Facebook Tweet this Email Print

SwAM Assesses Possibility for Minimizing Fish Discards in EU Waters

The Swedish Agency for Marine and Water Management, SwAM, has completed its assessment on how a ban on the discarding of unwanted fish can be monitored. The methods investigated include inspectors, CCTV surveillance, and monitoring via air and water.

“A fully-documented fishery creates opportunities for a long-term and sustainable fisheries management," says analyst Jenny Nord. Photo: Maja Kristin Nylander/SwAM.

“We have looked at the pros and cons with these different methods. A fundamental point is to obtain as precise of an idea as possible of how much fish is caught, both the amount that is landed in port and that which is tossed back overboard,” says Jenny Nord, analyst for fisheries regulation at SwAM.

Click to see a larger map of the Skagerrak. Source: SwAM.

The Skagerrak—the sea area bordering the northern half of Sweden’s west coast, the southeast coast of Norway and the peninsula of Denmark—may become the first of the EU’s marine areas to receive fisheries management with a ban on the discard of fish. In July 2012, the EU and Norway agreed to implement a discard ban in the Skagerrak which prompted the Swedish government commission SwAM to investigate the possibility of monitoring such a ban.

As a basis, SwAM’s analysts have used the EU Commission’s proposed regulation on technical and monitoring measures in the Skagerrak. This proposal covers 35 species of fish, certain gear regulations, and mandatory CCTV camera surveillance on vessels over 12 meters starting July 1, 2016. For vessels over 15 meters, the proposal suggests an earlier start date of January 1, 2014. The Commission’s proposal has not yet been adopted.

Jenny Nord works with cost-benefit analyses, efficiency studies, and EU coordination for the agency.

“We have also looked at the experiences of other countries with a complete documentation of fish that are caught,” says Nord.

In Denmark and Scotland, several pilot projects have documented cod caught in the North Sea. In Canada, camera surveillance is already used on fishing vessels for roughly 60 fish species. Efforts have also been made in Australia.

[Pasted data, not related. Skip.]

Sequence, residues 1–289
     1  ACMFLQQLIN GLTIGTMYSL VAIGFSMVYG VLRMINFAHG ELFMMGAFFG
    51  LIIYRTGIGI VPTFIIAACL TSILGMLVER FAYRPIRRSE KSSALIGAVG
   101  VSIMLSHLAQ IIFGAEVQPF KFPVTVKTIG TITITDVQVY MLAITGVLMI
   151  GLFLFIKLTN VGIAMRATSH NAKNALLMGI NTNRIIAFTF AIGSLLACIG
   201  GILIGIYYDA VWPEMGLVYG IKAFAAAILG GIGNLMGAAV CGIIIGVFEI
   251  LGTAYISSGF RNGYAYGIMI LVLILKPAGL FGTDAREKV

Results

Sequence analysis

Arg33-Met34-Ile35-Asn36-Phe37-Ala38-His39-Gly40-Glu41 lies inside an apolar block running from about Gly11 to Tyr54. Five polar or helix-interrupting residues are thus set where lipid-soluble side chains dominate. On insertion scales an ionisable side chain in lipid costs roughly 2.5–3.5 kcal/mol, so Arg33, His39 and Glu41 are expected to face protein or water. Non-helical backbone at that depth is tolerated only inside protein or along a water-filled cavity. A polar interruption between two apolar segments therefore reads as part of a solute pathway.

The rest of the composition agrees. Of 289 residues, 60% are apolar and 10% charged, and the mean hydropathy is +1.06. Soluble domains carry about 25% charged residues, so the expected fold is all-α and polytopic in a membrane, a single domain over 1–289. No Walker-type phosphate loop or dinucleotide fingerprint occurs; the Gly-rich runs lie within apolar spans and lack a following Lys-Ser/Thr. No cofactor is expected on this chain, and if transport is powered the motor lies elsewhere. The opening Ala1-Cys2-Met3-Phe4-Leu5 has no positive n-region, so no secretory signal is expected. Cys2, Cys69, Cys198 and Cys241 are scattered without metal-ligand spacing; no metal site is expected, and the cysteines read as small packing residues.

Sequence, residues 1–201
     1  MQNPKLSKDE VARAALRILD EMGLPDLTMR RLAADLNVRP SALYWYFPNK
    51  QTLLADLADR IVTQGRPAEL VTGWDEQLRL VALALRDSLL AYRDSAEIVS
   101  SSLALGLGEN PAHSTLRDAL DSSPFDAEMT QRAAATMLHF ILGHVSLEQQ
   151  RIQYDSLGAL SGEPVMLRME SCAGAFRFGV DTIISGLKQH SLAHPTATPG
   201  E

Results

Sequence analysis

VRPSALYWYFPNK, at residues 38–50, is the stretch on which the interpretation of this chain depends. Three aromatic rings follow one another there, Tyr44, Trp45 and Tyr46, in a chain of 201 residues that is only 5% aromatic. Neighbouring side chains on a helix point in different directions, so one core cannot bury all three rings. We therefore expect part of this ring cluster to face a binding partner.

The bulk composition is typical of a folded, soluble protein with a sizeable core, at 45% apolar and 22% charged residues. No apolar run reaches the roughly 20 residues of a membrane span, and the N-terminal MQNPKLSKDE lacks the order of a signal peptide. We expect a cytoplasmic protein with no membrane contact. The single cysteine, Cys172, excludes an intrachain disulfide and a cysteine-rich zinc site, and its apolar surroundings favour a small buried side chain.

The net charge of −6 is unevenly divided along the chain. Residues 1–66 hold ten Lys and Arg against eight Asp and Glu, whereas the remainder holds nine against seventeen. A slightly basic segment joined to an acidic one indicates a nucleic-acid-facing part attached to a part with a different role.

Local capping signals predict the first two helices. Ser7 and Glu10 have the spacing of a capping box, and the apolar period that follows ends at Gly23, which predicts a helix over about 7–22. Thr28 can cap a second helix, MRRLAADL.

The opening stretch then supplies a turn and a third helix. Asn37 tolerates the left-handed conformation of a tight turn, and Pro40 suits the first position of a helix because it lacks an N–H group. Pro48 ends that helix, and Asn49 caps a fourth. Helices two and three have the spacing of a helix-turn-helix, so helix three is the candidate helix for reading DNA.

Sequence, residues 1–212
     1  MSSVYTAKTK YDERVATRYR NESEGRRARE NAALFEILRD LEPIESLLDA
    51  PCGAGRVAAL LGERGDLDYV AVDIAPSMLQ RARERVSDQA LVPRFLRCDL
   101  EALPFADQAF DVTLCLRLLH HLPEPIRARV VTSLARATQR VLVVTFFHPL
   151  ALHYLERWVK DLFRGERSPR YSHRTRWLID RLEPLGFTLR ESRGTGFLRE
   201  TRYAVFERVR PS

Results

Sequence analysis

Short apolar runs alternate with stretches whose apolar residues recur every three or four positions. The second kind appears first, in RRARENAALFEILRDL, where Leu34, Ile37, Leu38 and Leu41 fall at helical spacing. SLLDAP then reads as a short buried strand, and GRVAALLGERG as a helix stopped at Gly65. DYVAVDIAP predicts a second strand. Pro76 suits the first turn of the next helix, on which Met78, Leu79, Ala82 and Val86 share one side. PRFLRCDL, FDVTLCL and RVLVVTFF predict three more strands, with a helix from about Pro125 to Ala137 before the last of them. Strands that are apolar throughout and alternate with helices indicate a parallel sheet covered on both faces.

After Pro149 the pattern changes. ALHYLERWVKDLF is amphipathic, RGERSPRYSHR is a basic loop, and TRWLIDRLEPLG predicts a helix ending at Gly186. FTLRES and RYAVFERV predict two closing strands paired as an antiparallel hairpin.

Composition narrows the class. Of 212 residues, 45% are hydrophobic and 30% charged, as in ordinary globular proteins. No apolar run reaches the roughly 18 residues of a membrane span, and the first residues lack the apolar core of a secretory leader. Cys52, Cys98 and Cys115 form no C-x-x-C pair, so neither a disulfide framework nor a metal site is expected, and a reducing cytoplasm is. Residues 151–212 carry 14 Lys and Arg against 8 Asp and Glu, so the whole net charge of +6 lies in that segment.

“We’ve also been in close contact with a number of commercial fishing associations as well as the Swedish Coast Guard, the Swedish Board of Agriculture, the Swedish University of Agricultural Sciences, and the Swedish Data Inspection Board.”

Certain requirements for reporting the amount of fish both caught and cast back into the sea are already in place today for Swedish fisheries.

“We know that unreported discards take place; this is evident by comparing the data in logbooks to the estimates that scientists acquire through sampling,” explains Nord.

The fish thrown back overboard usually don’t survive and won’t benefit society in the form of income or consumption.

SwAM has looked at the pros and cons of nine alternatives for control and documentation: inspectors, CCTV surveillance, monitoring via GPS and sensors, naval and air patrol, reference fleet, landing control, satellite tracking with VMS (vessel monitoring system), and the fisheries’ self-reporting (including logbooks, landing declarations, and sales notes).

“Our assessments conclude that there are two options that can meet the goal of fully-documented fishing – inspectors and video surveillance. The first option is very costly and difficult to implement in practice, while the second option can be perceived as intrusive,” explains Nord.

SwAM’s assessment is based upon a CCTV surveillance that is limited to the necessary minimum. The idea is for cameras to be placed where fish are taken out of the water, where they are cleaned and sorted, and where unwanted fish is thrown back. No sound is to be recorded, and footage would be confidentially protected by Sweden’s Public Access to Information and Secrecy Act.

“Within the fishing industry, there is a strong resistance to CCTV cameras on ships, mainly because it is perceived as an invasion of privacy," says Nord.

SwAM has reviewed whether or not CCTV surveillance is compliant with Sweden’s Personal Data Act and Public Camera Surveillance Act. Today, the surveillance of fishing vessels falls under the Personal Data Act, but from July 1, a new law will come into force. CCTV monitoring aboard vessels in Swedish territorial waters will fall under this new law when conducted; all other instances will covered by the Personal Data Act.

“Under our evaluations, CCTV monitoring in the intended conditions are consistent with Swedish law. If CCTV is selected as a control method, surveillance should be carried out to supervise the discard ban, and all recorded footage should only be used for this purpose,” says Åsa Toll, legal advisor at SwAM.

“The discard ban is part of the effort to create sustainable fisheries within the EU, something that concerns the use of a resource that belongs to us all. The general interest of effectively overseeing the discard ban may be considered as outweighing the intrusion of privacy that surveillance implies.”

You are welcome to cite our press releases and news stories, but always refer back to us. SwAM’s images may be used for editorial republishing where SwAM and its work are described, one year from the press release's date. Usage for commercial purposes is not permitted. In conjunction to the publishing, the name of the photographer and source shall always be stated.

Facebook Tweet this Email Print

Published: 2013-12-03

Contact Page Editor Webbredaktionen